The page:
I CAN’T BE the only political scientist ranting about how Woodrow Wilson would be turning in his grave 101 years on from his 14 Points speech. No doubt the 28th president of the United States had his faults, as seen in the campus protests aspiring to remove his name and bust from college campuses because of his racist actions. But you would be hard-pressed to find someone in international relations or political economy that wouldn’t want to see his legacy at least partially preserved because of his foreign policy vision.

Wilson proposed the League of Nations (what became the United Nations) to observe and uphold peace agreements, and sought to promote international trade so as to create interdependence between nation-states. He reasoned that if our fates are bound up with each other’s economically, we are less likely to fight.

Nobody argues today that benefits of globalization have been evenly spread. But the modern nationalist corrective to Wilson — Donald Trump and his “America First” — is even worse.

The new book Renovating Democracy: Governing in the Age of Globalization and Digital Capitalism by Nathan Gardels and Nicolas Berggruen has a lofty title. The book is an effort to prescribe corrections in foreign policy and the failures of domestic democratic processes. The “perceived loss of control over one’s destiny” for the average citizen in a Wilsonian world is marked by the coronation of Trump and his populist counterparts elsewhere.

Gardels and Berggruen frame the “trials of the West” as a function of two dynamics: social media and something they call “digital capitalism.”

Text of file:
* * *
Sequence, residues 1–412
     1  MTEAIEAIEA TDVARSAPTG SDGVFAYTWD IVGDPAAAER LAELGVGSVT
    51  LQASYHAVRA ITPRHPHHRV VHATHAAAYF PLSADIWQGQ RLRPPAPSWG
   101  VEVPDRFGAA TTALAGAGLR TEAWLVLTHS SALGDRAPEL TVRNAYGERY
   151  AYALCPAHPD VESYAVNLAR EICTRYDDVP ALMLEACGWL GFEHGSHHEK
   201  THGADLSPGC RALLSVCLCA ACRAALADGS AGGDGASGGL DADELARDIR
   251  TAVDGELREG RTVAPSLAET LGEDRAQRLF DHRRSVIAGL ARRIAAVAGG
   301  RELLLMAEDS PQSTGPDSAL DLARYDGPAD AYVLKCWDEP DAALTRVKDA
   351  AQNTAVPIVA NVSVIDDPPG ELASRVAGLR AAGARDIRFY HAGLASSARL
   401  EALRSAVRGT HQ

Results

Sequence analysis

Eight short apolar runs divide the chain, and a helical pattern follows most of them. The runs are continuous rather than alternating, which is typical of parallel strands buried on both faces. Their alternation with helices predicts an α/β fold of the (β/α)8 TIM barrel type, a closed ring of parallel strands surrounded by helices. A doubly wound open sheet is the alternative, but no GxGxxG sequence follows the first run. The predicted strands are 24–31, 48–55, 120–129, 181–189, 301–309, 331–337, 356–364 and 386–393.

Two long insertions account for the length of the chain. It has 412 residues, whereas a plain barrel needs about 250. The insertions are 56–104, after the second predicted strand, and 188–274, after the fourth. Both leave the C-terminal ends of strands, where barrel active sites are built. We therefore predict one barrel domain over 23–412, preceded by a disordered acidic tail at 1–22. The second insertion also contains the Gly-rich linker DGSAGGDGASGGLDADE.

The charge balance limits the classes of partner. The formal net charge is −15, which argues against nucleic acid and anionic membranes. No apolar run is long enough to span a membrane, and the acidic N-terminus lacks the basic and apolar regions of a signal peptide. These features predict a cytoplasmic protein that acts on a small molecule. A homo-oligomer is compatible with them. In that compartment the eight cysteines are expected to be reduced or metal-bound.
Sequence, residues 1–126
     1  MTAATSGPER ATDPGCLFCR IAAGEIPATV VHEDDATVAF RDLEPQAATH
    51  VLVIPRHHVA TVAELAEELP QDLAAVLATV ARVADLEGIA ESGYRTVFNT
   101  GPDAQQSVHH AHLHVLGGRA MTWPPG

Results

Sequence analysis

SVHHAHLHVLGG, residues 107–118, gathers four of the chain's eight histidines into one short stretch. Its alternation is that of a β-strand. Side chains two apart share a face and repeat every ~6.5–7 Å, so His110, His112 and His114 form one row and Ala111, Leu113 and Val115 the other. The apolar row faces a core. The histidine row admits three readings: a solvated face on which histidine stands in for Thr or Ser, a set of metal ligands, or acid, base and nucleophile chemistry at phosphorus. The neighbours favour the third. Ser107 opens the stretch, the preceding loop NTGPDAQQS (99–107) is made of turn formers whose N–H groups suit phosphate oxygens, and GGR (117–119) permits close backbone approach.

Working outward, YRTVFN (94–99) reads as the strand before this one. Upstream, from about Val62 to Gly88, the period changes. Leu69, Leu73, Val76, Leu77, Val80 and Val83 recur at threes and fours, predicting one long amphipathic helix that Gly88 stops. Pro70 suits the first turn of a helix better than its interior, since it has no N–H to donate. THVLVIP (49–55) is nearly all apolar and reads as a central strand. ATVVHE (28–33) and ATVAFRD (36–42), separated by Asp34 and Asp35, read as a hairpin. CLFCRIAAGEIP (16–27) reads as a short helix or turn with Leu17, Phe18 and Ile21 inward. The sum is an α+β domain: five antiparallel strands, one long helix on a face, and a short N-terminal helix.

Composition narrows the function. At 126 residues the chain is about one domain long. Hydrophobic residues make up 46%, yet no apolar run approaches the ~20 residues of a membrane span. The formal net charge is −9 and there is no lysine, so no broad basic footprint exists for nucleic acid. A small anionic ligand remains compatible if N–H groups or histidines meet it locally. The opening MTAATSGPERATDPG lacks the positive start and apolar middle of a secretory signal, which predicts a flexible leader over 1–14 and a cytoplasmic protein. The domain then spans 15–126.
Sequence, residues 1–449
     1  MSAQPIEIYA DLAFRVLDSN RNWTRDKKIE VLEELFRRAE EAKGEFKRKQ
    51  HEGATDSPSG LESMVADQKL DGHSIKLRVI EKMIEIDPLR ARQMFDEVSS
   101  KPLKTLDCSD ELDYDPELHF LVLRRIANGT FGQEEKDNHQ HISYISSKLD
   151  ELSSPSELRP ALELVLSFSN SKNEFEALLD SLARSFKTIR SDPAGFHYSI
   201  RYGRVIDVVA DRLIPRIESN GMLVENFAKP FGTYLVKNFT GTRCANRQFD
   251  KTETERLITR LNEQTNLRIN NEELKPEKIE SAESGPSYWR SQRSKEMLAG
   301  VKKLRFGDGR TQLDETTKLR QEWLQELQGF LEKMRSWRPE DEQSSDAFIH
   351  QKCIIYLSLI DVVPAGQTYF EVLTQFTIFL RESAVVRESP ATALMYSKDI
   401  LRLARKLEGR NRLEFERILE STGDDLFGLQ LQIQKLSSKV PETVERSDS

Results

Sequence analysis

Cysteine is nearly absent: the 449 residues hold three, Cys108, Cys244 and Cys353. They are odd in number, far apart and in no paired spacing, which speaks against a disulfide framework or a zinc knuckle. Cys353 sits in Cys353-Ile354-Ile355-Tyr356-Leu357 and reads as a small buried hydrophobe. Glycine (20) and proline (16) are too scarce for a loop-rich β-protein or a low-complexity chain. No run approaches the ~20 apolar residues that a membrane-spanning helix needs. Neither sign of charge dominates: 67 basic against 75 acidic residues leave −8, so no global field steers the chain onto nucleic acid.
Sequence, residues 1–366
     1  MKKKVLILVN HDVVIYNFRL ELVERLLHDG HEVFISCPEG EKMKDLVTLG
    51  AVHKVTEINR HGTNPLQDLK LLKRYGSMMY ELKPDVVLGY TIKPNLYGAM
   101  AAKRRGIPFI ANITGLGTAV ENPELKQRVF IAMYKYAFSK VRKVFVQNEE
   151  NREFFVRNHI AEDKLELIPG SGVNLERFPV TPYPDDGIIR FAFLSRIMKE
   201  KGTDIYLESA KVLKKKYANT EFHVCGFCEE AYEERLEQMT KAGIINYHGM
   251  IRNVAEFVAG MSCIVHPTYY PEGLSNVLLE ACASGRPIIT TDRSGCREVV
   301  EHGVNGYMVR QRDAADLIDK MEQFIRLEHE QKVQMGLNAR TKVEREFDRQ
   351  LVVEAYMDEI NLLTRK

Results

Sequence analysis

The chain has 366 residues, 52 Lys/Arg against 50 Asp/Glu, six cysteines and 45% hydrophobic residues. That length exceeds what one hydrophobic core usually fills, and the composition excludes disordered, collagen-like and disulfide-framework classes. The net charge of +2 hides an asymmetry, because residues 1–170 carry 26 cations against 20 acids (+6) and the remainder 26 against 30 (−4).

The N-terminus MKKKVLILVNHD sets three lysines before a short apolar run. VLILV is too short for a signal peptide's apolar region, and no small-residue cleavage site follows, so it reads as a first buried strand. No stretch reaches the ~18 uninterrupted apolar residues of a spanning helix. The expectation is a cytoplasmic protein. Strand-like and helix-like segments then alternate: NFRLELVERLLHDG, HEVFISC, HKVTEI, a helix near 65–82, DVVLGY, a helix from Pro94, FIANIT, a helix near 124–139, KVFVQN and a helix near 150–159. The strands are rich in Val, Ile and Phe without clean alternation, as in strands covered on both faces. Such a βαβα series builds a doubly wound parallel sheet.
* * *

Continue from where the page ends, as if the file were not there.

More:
Thanks to platforms like Facebook and Twitter, “there is more participation than ever before,” but this engagement has come in the form of problematic information silos and propagated misinformation, which has fragmented “mass society into diverse tribes.” The splintered public goes on to make bad choices. To deal with the fake news bots and echo chambers, the authors essentially suggest that Mark Zuckerberg et al should work against their own profit motives. So as to create more accountability on media sharing platforms, these mechanisms might need to be regulated by a government.

“Digital capitalism” is a tad fresher. This is not an agreed-upon or even regularly used term, and I was eager to see how the authors operationalized it. I thought it might mean the digitization of finance, which is by far the largest share of the global economy and has proved crisis prone time and again. But the authors want us to focus on the rapidly growing gig economy elements of the tech industry: businesses like Uber, Lyft, and Airbnb. Advances in these domains are surely already disenfranchising millions of American workers.

The authors promise a vision to renovate democratic institutions and even out the tilting economy. No doubt we need an imaginative vision of the future, as in Antoine de Saint-Exupéry’s admonition that, “If you want to build a ship, don’t drum up people to collect wood […] but rather teach them to long for the endless immensity of the sea.” Gardels and Berggruen did not show us the sea, but instead a set of tame prescriptions.